Strengthening Oversight of Credit Rating Agencies
Open Meeting of the Securities and Exchange Commission
Sept. 17, 2009
The Commission approved a series of proposals designed to strengthen its oversight of credit ratings agencies, enhance disclosure and improve the quality of credit ratings. The proposals would improve the quality of ratings by requiring greater disclosure, fostering competition, helping to address conflicts of interest, shedding light on rating shopping, and promoting accountability.
Credit rating agencies are organizations that rate the creditworthiness of a company or a financial product, such as a debt security or money market instrument. These credit ratings are often considered by investors evaluating whether to purchase or sell securities.
In 2006, Congress passed the Credit Rating Agency Reform Act that provided the SEC with authority to impose registration, recordkeeping, and reporting rules on credit rating agencies registered as Nationally Recognized Statistical Rating Organizations (NRSRO). Currently, 10 credit rating agencies are registered with the Commission as NRSROs as defined by the Act.
The credit ratings issued by the 10 NRSROs are funded in two general ways: First, issuers, sponsors, or underwriters ("arrangers") can pay to have themselves or their securities rated. Second, subscribers can pay to access some or all of the NRSROs' credit ratings.
Disclosing History of Ratings Activity: The Commission voted to adopt an amendment requiring NRSROs to disclose their history of ratings actions. Such actions include upgrades, downgrades, affirmations and withdrawals. The requirement applies to any rating that the NRSRO initially made as of June 26, 2007. The disclosure, to be made no less than two years after the action is taken for subscriber-paid ratings and no less than one year after for issuer-paid ratings, needs to be made online and in a searchable format.
Ensuring All NRSROs Have Access to Similar Information: The Commission voted to adopt an amendment intended to encourage competition from other NRSROs, potentially resulting in better quality ratings. The amendment would require an NRSRO - that is paid by an arranger to rate a structured finance product - to disclose to other NRSROs that it is in the process of determining such a credit rating. The amendment would also require that the NRSRO obtain a representation from the arranger that the arranger will provide the same information to other NRSROs seeking to rate the product.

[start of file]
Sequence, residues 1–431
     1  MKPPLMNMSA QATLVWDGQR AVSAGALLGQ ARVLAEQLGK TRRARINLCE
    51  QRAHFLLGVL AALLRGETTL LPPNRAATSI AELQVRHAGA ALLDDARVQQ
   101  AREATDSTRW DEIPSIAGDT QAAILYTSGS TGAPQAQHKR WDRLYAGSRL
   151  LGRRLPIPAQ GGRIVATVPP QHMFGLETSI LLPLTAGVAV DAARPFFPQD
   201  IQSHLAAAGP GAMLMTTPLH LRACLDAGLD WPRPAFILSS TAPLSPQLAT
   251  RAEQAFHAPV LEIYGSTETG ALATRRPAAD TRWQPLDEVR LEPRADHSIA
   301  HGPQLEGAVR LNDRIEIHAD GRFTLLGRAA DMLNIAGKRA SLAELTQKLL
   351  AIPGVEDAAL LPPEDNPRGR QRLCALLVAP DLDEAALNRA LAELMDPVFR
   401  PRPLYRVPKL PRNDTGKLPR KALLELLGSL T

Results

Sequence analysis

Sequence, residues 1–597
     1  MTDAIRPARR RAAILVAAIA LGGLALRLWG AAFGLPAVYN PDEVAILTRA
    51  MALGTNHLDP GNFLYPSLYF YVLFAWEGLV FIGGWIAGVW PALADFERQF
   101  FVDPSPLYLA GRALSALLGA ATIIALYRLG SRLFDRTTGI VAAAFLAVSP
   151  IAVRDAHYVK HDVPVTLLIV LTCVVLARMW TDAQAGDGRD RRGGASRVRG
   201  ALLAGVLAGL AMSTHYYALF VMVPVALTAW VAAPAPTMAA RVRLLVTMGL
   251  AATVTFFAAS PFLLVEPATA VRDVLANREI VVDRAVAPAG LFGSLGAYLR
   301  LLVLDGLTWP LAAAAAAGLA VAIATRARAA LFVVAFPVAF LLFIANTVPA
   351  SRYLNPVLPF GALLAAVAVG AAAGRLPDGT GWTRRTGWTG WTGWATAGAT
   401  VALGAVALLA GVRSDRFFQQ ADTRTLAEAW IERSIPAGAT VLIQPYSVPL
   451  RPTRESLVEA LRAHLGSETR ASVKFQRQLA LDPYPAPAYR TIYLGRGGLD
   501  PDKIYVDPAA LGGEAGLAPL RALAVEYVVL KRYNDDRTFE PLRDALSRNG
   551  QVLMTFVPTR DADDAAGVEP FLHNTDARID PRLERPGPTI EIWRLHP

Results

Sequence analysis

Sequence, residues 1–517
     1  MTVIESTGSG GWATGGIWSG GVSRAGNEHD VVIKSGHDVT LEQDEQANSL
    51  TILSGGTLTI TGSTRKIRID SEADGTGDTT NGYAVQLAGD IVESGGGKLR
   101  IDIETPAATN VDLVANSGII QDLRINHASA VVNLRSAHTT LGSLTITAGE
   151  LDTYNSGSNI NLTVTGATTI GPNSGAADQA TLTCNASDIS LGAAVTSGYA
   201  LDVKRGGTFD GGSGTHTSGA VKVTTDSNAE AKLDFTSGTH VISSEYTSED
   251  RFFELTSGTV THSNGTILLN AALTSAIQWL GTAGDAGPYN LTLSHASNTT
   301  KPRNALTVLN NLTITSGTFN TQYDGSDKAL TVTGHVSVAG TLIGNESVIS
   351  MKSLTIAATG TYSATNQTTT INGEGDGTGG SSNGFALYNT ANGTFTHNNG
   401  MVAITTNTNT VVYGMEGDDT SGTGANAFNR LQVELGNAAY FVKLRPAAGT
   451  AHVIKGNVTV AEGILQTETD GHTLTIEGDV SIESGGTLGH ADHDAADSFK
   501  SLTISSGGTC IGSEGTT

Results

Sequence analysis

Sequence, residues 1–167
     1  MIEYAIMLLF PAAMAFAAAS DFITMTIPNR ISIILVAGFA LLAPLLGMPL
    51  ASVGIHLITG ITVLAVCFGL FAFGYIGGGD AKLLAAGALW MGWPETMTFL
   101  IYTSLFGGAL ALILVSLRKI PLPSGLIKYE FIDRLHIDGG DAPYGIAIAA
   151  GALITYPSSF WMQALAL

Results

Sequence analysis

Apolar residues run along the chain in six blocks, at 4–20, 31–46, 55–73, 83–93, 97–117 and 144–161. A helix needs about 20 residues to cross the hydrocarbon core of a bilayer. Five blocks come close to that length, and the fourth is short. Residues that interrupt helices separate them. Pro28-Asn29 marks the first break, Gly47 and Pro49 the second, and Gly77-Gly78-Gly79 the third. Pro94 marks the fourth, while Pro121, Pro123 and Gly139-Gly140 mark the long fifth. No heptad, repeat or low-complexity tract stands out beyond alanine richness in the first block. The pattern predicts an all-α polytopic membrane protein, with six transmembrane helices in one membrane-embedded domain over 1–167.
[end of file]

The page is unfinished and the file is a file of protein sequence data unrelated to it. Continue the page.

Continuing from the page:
An NRSRO that wants to access information provided by an arranger would only be allowed to access that information for the purpose of determining a credit rating and only if it rates a certain percentage of products. The competing NRSRO would have to file a certification to this effect annually with the SEC.
Additionally, the Commission voted to adopt an amendment that would revise Regulation FD (Fair Disclosure) to enable issuers to allow NRSROs to access the information so the NRSROs can determine the credit rating - even if the NRSROs do not make their credit ratings publicly available for free.
Reporting on Compliance Reviews: The Commission voted to propose a rule that would require NRSROs to provide the SEC with a report describing their compliance reviews for the most recently ended fiscal year. The report would outline the steps taken by the compliance officer to administer an NRSRO's policies and practices and ensure compliance with the securities laws, describe any material compliance issues identified as a result, and describe the steps taken to rectify those issues. Finally the report would also include a list of the people within an NRSRO who were advised of those compliance issues.
Providing More Information on Conflicts of Interest: The Commission voted to propose a rule that would require NRSROs to provide additional information about potential conflicts of interest. Specifically, the proposed amendments to Form NRSRO would require:
- The percentage of the NRSRO's net revenue attributable to the 20 largest users of credit rating services of the NRSRO.
- The percentage of the NRSRO's net revenue attributable to other services and products of the NRSRO.